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While the US health care debate focuses on insurance and funding, many people struggle to schedule a doctor visit in timely manner. In rural areas, simply finding a doctor nearby can be a challenge. Nationwide there could be a shortage of somewhere between 40,800 and 104,900 physicians by 2030. Access to health care, in other words, means more than having insurance. How to address this doctor shortage? Dr. Jeffrey Flier, former Dean of Harvard's Faculty of Medicine, has some ideas: Reform outdated accreditation practices. Remove barriers to creating new accredited US schools and training positions for physicians. This includes developing shorter and less expensive training paths. Allow more foreign-trained physicians. Provide paths to licensure that do not require retraining for qualified interna­tional medical graduates who have completed advanced clinical training in their home countries. These physicians are substantially more likely to practice in rural and poorer communities and in much-needed primary care specialties. Expand the type of care that can be provided by (less costly) physician assis­tants and nurse practitioners, who perform many primary care services as safely and effectively as physicians. This can help mitigate physician shortages in underserved parts of the country. Embrace new medical technology, such as the use of telemedicine, physiologic sensors, mobile health apps, and other potential “force multipliers”—for both medical education and practice. This can increase the number of health providers, raise their productivity, and offer greater convenience to patients.   Guests:  Jeffrey S. Flier, former Dean of Harvard's Faculty of Medicine. @jflier Leck Shannon, manager of the healthcare research portfolio at Mercatus. lshannon@mercatus.gmu.edu   Links: Dr. Flier’s new paper His Stat article   Ideas, comments, suggestions? Email Chad at creese@mercatus.gmu.edu, or find him on Twitter @ChadMReese.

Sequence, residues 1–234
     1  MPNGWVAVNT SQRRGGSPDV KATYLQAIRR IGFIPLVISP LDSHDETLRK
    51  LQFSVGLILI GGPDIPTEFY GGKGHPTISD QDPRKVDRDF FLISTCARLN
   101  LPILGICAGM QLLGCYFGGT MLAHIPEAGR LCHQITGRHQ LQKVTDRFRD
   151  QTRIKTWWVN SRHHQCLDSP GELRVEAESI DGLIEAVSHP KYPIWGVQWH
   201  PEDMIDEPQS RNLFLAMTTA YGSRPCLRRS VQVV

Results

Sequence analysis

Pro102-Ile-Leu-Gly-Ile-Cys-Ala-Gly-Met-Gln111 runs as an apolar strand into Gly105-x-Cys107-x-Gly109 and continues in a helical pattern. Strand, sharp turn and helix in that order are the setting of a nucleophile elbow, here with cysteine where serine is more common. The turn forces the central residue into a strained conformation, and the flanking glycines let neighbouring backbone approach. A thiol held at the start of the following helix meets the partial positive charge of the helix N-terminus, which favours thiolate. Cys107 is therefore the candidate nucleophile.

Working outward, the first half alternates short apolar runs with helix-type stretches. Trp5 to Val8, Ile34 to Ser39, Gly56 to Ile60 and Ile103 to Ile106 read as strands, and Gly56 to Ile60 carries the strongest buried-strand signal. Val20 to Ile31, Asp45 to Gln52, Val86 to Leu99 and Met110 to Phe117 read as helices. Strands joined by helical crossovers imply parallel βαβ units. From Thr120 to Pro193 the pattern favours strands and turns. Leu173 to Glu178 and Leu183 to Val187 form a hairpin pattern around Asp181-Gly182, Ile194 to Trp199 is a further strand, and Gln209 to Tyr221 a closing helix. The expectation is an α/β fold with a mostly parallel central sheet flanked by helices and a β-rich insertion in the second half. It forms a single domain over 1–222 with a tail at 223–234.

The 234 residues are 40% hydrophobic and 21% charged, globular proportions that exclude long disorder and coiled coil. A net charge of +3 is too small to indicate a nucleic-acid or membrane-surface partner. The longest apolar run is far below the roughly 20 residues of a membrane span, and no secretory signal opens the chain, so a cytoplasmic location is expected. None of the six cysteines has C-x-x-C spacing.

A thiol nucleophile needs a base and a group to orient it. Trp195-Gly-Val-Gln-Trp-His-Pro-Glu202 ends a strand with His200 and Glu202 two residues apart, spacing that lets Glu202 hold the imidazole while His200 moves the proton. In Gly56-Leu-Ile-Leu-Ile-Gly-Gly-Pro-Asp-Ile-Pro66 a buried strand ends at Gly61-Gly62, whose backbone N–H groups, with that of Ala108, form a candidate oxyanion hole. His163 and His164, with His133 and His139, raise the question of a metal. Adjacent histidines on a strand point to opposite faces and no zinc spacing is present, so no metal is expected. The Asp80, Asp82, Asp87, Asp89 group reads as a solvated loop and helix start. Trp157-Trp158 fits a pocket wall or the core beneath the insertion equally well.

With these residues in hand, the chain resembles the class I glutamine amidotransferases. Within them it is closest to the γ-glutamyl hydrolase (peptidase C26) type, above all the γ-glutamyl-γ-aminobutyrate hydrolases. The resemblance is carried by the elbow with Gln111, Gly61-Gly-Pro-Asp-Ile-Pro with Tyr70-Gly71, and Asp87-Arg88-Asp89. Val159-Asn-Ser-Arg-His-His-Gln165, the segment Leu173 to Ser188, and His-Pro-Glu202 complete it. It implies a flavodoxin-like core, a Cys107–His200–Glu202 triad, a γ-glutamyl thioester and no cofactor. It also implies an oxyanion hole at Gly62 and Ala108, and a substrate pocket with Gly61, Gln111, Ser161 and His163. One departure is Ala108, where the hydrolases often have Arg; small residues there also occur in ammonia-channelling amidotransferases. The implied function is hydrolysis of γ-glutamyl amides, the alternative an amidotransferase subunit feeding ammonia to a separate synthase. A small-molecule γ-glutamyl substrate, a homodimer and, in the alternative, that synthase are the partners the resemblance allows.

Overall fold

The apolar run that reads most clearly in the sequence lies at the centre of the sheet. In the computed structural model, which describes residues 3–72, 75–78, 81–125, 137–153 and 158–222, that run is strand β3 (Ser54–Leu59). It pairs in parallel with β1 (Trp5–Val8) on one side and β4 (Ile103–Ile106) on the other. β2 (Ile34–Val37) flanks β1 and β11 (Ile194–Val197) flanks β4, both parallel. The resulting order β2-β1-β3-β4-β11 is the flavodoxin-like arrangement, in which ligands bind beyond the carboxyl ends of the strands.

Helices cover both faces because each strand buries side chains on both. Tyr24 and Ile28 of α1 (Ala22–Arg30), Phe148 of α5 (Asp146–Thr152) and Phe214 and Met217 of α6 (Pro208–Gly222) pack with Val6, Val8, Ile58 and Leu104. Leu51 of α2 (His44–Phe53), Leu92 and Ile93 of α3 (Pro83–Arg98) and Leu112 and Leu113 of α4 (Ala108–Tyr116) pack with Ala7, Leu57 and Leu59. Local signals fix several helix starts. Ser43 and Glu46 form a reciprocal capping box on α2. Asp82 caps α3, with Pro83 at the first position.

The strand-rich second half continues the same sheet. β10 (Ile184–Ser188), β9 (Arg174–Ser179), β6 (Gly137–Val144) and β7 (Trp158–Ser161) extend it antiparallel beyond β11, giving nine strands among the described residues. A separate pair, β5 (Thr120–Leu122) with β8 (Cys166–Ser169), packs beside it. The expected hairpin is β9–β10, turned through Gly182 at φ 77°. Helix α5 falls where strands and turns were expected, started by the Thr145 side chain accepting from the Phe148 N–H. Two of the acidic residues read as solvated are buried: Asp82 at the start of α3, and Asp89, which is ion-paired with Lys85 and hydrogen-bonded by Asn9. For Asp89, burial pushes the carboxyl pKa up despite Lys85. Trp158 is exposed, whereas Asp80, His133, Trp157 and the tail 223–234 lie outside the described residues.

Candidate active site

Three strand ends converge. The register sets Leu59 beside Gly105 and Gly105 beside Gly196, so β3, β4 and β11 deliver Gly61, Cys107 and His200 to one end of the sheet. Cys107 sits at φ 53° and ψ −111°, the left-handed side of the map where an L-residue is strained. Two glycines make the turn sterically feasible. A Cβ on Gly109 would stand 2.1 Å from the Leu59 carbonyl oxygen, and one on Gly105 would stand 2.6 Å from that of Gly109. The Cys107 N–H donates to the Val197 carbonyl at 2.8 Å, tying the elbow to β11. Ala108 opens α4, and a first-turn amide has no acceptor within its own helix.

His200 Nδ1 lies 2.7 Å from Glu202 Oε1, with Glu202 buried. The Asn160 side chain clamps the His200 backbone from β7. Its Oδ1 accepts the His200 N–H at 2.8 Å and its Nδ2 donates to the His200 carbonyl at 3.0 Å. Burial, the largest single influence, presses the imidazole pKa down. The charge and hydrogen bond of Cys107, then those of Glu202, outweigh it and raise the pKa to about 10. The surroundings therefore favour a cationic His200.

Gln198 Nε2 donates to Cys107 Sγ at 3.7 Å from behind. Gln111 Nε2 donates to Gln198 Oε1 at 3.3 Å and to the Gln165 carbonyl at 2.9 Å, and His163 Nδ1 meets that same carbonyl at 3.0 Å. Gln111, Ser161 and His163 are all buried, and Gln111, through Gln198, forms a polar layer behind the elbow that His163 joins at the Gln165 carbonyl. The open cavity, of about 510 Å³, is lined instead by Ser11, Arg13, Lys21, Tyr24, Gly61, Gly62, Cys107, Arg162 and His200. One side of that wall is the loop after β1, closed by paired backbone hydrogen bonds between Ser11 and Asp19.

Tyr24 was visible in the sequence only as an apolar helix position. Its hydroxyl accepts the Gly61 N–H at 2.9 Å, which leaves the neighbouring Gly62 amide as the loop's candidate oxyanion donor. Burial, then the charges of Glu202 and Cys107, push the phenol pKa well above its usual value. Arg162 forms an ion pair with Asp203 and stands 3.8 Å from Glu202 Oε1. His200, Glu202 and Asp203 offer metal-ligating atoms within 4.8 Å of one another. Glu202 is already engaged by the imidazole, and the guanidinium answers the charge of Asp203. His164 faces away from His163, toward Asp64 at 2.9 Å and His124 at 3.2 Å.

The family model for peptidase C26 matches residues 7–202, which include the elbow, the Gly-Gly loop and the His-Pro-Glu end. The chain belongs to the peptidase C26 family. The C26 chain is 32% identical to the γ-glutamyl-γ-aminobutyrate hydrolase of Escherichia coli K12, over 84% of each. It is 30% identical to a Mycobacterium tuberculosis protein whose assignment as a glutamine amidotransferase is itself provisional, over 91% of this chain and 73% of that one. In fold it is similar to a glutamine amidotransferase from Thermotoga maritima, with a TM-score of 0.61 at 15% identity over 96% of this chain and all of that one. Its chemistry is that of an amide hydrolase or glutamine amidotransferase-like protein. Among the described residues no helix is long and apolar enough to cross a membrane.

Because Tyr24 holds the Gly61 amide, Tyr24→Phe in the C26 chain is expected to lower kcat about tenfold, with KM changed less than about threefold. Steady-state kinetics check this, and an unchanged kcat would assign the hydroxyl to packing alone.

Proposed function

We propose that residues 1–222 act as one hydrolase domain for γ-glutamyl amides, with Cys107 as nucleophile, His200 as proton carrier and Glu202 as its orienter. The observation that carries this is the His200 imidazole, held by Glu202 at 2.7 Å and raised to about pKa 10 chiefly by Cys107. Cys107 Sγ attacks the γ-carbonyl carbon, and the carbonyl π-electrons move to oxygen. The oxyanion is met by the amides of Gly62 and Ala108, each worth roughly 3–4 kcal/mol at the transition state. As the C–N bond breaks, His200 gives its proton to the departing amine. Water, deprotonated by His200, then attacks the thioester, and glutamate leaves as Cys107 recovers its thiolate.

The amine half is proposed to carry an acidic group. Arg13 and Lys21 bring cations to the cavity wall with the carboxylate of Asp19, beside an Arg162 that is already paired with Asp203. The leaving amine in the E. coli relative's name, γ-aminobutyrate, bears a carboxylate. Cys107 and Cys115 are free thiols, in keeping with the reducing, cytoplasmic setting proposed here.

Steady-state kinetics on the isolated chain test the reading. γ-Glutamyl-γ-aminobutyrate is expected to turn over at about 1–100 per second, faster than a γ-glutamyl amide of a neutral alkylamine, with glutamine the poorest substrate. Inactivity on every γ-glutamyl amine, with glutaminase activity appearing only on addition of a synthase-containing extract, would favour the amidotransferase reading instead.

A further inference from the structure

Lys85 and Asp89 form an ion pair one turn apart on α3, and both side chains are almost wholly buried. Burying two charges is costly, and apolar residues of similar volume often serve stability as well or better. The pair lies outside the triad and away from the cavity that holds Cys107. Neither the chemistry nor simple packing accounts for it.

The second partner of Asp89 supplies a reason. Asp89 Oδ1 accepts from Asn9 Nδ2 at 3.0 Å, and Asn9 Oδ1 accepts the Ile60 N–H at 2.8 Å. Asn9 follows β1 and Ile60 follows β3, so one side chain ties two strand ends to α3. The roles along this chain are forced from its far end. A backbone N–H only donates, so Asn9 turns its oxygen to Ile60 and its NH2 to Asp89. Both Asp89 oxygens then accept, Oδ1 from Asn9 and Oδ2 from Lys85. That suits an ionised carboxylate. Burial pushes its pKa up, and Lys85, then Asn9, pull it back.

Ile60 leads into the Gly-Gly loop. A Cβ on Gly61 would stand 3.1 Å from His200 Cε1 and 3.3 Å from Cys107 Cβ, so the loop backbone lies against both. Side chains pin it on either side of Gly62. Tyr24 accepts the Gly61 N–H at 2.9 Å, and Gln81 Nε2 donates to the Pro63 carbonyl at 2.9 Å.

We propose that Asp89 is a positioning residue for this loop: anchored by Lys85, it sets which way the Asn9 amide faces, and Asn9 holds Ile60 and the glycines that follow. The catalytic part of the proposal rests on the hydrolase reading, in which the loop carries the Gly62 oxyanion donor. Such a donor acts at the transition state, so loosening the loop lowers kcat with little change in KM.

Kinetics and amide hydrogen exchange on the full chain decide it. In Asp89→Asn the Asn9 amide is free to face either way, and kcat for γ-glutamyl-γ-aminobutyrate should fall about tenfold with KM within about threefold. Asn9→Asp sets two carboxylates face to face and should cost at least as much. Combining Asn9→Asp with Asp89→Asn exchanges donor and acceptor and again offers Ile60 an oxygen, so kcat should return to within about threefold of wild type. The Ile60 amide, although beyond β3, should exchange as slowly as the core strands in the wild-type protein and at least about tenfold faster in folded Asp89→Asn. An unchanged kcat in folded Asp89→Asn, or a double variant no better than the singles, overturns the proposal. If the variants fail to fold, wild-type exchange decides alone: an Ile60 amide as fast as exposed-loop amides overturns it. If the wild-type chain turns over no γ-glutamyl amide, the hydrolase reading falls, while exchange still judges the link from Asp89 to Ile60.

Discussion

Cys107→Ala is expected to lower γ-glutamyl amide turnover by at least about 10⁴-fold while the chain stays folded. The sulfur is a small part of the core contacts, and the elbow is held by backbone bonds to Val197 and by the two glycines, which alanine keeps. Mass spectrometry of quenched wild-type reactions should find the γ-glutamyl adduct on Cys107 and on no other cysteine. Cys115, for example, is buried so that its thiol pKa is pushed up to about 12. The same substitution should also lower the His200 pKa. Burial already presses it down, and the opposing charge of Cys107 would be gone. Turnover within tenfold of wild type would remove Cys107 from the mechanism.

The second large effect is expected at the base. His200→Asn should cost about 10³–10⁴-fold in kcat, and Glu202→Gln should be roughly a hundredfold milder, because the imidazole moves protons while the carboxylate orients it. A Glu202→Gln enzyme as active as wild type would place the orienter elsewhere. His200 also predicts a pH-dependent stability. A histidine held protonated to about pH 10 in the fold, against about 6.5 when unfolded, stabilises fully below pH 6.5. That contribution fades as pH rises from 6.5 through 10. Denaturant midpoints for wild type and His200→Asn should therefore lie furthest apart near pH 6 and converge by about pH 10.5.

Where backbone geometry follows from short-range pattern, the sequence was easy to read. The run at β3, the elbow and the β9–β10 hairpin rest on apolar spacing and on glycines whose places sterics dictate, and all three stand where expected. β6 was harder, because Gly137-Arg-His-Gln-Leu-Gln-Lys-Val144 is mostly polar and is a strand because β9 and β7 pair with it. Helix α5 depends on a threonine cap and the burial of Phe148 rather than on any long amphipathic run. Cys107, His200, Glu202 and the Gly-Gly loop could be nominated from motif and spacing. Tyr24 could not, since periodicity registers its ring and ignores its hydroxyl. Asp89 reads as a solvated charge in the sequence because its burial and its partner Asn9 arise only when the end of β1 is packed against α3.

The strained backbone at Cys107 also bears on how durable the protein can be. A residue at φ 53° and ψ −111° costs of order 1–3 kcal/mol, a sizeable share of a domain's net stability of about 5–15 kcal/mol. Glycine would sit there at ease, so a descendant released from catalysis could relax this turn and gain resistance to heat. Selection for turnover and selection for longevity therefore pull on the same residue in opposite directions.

Rank #6: Here's to the Future of the BCFP!

Jul 17 2018
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How to regulate consumer financial products and services has remained one of the most contentious issues in Washington since the financial crisis. Congress created a new agency aimed at dealing with the issue in the wake of the crisis, but nearly 7 years after that agency first opened its doors, the issue remains as relevant as ever. In fact, experts are even divided on what to call the agency. For some, it’s the “Consumer Financial Protection Bureau,” or CFPB. For others, including Acting Director Mick Mulvaney, it’s the “Bureau of Consumer Financial Protection,” or the BCFP. Today, we're going to try and just call it “The Bureau,” and ask our guests to talk a little about the recent nomination of Kathleen Kraninger to direct the agency. More importantly, however, we’ll talk about the future of consumer credit regulation regardless of who runs the Bureau, or what it’s called: Justin Schardin, a fellow with the Bipartisan Policy Center, and the former director of their Financial Regulatory Reform Initiative.  Brian Knight, director of the financial regulatory program here at the Mercatus Center.   Questions, comments, suggestions? Email Chad at creese@mercatus.gmu.edu or follow him on Twitter @ChadMReese.

Rank #7: Here's to the Free Flow of Data!

Apr 03 2018